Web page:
jects need to be known ahead of time to be properly placed.
Moreover, their popularity might change over time (e.g.,
new movies tend to be accessed more frequently) so the ob-
jects may need to be moved depending on their current pop-
ularity. Other techniques stripe fixed-size object blocks, de-
scribed below, as opposed to storing them in their entirety.
Disk scaling with round-robin data striping is discussed
in [5]. With round-robin, almost all blocks need to be re-
located when scaling. The overhead of such block move-
ment may be amortized over a period of time but it is,
nevertheless, significant and wasteful. Wang and Du [21]
describe a technique which assigns weights to disks based
on bandwidth and capacity. However, they also distribute
data blocks in a round-robin fashion, requiring large block
movement overhead when scaling. Another technique
called Disk Merging [23] merges a static group of hetero-
geneous physical disks into homogeneous logical disks to
maximize bandwidth and capacity for striped data. This
technique is not intended for dynamic scaling since the sys-
tem must be taken off-line and reconfigured, potentially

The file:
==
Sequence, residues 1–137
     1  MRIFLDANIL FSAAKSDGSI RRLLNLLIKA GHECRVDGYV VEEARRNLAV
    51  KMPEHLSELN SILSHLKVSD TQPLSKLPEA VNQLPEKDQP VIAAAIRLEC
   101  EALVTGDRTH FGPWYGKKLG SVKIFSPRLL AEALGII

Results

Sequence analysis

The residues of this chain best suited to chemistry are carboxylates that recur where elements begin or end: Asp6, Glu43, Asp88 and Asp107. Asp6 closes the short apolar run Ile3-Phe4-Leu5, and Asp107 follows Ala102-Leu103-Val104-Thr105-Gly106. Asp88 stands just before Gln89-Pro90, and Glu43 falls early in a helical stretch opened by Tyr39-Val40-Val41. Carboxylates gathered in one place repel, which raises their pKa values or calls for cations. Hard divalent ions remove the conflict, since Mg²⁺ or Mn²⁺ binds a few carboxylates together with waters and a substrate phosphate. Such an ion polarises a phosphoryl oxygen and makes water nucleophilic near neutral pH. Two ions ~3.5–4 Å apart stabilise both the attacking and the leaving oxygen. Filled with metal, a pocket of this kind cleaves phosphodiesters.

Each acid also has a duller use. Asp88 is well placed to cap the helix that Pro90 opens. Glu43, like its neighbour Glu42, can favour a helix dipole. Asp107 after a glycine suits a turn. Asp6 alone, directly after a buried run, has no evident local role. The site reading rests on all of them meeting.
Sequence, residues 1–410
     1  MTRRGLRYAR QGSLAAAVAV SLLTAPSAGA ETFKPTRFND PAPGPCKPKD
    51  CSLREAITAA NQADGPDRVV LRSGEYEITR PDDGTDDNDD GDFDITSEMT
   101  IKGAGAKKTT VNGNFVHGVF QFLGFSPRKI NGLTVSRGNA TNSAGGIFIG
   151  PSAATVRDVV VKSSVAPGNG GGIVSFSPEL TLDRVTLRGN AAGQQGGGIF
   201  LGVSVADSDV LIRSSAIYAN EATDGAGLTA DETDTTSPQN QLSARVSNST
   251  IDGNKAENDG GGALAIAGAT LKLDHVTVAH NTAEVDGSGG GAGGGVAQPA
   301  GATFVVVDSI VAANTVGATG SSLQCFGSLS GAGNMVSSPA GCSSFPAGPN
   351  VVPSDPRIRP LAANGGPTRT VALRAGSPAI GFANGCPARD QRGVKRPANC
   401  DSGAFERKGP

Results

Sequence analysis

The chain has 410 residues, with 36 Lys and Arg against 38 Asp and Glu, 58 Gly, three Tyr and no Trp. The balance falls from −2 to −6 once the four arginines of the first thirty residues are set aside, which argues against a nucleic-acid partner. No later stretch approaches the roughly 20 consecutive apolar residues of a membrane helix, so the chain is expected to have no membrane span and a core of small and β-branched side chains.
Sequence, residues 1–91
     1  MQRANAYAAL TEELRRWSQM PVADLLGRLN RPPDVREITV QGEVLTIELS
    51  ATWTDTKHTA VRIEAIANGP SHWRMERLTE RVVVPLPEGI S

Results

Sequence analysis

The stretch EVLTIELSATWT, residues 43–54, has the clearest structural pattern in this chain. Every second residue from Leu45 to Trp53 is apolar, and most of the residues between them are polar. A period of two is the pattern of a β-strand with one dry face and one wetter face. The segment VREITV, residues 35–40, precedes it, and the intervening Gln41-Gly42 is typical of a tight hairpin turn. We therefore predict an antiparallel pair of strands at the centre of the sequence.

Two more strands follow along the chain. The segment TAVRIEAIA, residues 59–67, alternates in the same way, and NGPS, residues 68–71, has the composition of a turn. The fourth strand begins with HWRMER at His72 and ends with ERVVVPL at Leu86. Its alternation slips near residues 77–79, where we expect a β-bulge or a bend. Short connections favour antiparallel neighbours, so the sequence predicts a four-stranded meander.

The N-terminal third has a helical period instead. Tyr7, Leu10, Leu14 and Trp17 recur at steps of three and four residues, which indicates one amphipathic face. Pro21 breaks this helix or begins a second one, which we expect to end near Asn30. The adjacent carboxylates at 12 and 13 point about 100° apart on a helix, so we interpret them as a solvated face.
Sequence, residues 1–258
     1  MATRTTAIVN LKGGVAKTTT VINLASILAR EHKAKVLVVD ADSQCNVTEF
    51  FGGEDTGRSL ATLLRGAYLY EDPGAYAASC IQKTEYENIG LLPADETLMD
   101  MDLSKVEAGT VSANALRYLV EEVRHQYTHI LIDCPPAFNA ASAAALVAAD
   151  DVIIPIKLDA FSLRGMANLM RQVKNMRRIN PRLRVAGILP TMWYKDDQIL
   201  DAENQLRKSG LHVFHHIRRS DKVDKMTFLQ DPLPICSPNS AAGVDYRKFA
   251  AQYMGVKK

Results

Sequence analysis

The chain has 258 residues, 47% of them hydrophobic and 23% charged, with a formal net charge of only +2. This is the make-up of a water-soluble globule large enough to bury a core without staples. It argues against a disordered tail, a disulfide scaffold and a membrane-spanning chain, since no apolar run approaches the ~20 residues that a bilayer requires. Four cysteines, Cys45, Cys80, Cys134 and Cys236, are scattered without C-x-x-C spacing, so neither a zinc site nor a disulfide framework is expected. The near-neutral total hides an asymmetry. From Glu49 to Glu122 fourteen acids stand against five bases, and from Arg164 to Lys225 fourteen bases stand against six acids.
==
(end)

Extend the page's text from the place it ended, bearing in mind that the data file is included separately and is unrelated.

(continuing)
reshuffling many blocks.
While traditional constrained placement techniques such
as round-robin placement allow for deterministic service
guarantees, random placement techniques are modeled sta-
tistically. The RIO project demonstrated the advantages of
random data placement such as single access patterns and
asynchronous access cycles to reduce disk idleness [11].
However, they did not consider the dynamic rearrangement
of data due to disk scaling. Although they do not require
prior knowledge of object popularity for full utilization of
heterogeneous disks’ aggregate bandwidth, their solution
requires data replication for short and long term load bal-
ancing [14]. In one scenario, they require at least34% block
replication for 100% bandwidth utilization. Another study
focused on the trade-off between striping and replication
for load balancing [2]. For large systems, the extra storage
needed for replication becomes more significant. In gen-